Reader Phil Murray was so intrigued by a photo of South Solitary Island in AT’s “Where on Earth” competition, that he decided to check it out for himself South Solitary Island… is that an oxymoron? Well, there is a North Solitary Island, so they are hardly solitary. In fact, there is also a North-West Solitary Island and, naturally, its corresponding South-West Solitary Island. There is even a “Split” Solitary Island (is that two more?) and South Solitary Island itself comprises four distinct small islands.
At first glance, the sea off Coffs Harbour on the NSW North Coast seems positively crowded with “solitary” islands – so why the name? The Solitary Islands Marine Park stretches over 60 kilometres from Coffs Harbour in the south to Sandon in the north – containing a group of nine barren, rocky islands. In May of 1770, having discovered Botany Bay and turned north along the east coast of Australia, Lieutenant James Cook found himself at latitude 300 south – forced to stand off about three leagues from land due to adverse weather. As he gazed shorewards through driving rain and sea mist, towards the place where Coffs Harbour stands today, Cook noted in his log: “We had some small rock islands between us and the mainland.” It was a bleak, overcast day and so he named these “Solitary Isles” on his chart.
How apt and prophetic Cook’s naming of the islands would prove to be. Two hundred and forty-one years later, my wife and I were part of a group of 64 people privileged enough to visit South Solitary Island and tour its iconic lighthouse and buildings. Open to visitors only two weekends a year, a ten-minute helicopter flight delivered our party of four to the island, 14 kilometres off the coast and home to the most inaccessible lighthouse in Australia.
We were greeted by not only a National Parks and Wildlife Discovery Ranger tour guide but two former inhabitants of the island. Barbara Atchison was the young wife of the lighthouse keeper back in 1975. With a new baby suffering from colic, and being the only woman on the island, Barbara recalled her time with mixed emotions.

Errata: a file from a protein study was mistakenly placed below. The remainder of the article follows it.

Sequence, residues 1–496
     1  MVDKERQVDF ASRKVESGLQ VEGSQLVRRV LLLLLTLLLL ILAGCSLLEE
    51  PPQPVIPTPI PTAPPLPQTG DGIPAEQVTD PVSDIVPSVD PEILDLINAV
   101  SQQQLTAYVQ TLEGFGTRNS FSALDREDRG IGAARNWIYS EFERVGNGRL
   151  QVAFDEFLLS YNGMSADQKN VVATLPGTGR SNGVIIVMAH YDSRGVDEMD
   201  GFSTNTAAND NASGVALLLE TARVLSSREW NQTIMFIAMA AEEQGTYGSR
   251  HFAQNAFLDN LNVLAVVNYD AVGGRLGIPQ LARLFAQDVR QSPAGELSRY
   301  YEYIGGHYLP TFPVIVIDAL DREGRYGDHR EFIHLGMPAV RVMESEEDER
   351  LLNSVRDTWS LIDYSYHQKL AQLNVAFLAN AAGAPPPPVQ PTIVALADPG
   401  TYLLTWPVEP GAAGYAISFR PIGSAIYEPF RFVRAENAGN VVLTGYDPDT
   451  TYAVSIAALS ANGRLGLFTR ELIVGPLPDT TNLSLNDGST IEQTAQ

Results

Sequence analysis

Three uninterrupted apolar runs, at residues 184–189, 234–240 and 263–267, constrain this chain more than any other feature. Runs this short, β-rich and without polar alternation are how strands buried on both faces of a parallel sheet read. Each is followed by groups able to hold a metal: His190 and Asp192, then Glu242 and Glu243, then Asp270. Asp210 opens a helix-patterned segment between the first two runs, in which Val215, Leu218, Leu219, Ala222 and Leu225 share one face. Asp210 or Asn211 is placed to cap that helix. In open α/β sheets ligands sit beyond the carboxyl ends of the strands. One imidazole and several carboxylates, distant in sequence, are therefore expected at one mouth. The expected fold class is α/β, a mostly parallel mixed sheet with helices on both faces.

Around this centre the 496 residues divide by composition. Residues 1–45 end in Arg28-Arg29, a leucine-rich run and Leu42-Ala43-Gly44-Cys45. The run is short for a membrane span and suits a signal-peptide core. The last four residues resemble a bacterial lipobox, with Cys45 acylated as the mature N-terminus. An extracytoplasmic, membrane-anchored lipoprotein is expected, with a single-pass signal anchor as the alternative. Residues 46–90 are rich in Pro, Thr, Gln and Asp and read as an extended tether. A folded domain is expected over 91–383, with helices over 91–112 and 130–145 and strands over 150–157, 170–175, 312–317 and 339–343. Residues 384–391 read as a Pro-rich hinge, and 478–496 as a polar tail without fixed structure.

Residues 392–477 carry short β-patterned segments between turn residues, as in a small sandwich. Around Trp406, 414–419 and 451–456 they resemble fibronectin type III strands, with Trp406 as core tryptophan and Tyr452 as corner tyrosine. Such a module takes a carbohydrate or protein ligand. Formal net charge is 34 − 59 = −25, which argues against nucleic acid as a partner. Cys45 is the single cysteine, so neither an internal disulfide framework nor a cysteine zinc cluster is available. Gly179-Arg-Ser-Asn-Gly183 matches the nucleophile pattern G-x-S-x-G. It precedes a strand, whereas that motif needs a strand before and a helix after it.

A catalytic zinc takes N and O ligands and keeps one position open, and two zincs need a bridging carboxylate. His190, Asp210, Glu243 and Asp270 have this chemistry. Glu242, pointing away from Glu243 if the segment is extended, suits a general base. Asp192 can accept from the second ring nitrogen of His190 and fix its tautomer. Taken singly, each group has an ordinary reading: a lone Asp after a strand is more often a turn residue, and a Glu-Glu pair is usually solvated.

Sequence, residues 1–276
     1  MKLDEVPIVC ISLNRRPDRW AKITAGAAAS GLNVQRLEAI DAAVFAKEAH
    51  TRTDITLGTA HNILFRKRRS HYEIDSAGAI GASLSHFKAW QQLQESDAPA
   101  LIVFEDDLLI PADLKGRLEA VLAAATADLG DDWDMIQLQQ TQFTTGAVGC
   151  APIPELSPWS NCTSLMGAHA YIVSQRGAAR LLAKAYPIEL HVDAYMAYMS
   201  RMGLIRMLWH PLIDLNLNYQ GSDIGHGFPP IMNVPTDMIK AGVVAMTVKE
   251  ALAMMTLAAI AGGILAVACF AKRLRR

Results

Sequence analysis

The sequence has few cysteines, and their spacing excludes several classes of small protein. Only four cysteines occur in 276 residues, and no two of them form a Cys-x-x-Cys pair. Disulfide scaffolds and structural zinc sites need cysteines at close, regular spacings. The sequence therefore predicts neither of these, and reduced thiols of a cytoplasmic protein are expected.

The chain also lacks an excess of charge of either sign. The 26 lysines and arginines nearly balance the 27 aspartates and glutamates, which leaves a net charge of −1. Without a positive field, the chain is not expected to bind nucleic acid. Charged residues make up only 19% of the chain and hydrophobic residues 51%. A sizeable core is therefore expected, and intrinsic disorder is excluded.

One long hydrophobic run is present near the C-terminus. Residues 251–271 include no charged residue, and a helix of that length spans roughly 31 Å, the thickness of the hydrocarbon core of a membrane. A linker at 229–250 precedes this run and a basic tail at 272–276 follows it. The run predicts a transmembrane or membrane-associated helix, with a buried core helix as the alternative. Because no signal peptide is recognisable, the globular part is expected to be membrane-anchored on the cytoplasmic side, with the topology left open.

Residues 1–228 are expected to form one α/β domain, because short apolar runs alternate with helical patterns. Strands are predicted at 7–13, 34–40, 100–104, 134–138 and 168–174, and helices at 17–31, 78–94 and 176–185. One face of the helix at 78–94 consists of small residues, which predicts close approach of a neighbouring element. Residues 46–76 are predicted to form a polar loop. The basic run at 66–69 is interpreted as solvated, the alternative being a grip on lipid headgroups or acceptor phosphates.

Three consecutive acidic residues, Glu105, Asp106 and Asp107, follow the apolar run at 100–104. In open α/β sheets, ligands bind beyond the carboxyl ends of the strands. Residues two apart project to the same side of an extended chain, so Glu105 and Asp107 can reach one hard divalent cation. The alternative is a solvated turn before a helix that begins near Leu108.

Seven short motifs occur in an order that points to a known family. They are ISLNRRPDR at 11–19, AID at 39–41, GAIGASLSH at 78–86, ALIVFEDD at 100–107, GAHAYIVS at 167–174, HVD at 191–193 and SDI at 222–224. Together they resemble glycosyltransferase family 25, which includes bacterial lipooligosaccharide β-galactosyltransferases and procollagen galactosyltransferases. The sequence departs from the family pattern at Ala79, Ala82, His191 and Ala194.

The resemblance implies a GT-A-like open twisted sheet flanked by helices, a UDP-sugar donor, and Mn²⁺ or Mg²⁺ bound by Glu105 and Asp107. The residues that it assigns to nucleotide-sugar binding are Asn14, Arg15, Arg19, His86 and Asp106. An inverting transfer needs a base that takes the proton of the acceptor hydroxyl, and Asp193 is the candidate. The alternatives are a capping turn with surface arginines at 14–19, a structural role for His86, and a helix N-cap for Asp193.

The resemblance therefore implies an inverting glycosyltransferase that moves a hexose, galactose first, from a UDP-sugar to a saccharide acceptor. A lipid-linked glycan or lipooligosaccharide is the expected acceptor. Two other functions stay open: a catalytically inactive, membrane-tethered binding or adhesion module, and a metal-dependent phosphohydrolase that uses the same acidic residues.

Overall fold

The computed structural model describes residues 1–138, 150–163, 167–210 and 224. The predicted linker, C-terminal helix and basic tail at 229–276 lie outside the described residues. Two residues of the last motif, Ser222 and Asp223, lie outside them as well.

For the wives and children of the lighthouse staff, the islands could at times be truly solitary. Barbara once spent five months on the 23-acre rocky outcrop without visiting the mainland. “I still keep at least six bottles of tomato sauce in my cupboard,” she laughs.
Wild storms, huge seas and night-time shifts manning the light were the norm. Except for a handful of nights during 1942 when Japanese submarines were in the area, the South Solitary Island lighthouse was manned every night from March 15, 1880, to 1975 – an extraordinary achievement spanning 95 years.
Another former Solitary resident was Jim Smith, son of the lighthouse keeper posted here in the 1950s. Eleven-year-old Jim was fortunate to have a playmate, the son of an assistant lighthouse keeper. Jim told of their boys’ adventures, a cave located on the far side of the island and how the pair explored the island, fished and cooked their catch. “We did school by correspondence. By Wednesday all the schoolwork was done and we’d disappear – exploring and fishing,” Jim recalls.
My visit to the island was a fabulous experience; enriched, personalised and brought to life by those who lived there. It was over all too soon. As I prepared to board the helicopter for our return flight, I asked Barbara if she’d had an inkling as a new mum she’d be loading and unloading a helicopter full of tourists 35 years later. Barbara shook her head: “Never in a million years!” For just two weekends a year, the Solitary Isles are anything but – be sure to add them to your bucket list.
For more information on how to visit South Solitary Island in 2012, contact Precision Helicopters.
(02) 6652 9988; precisionhelicopters.com.au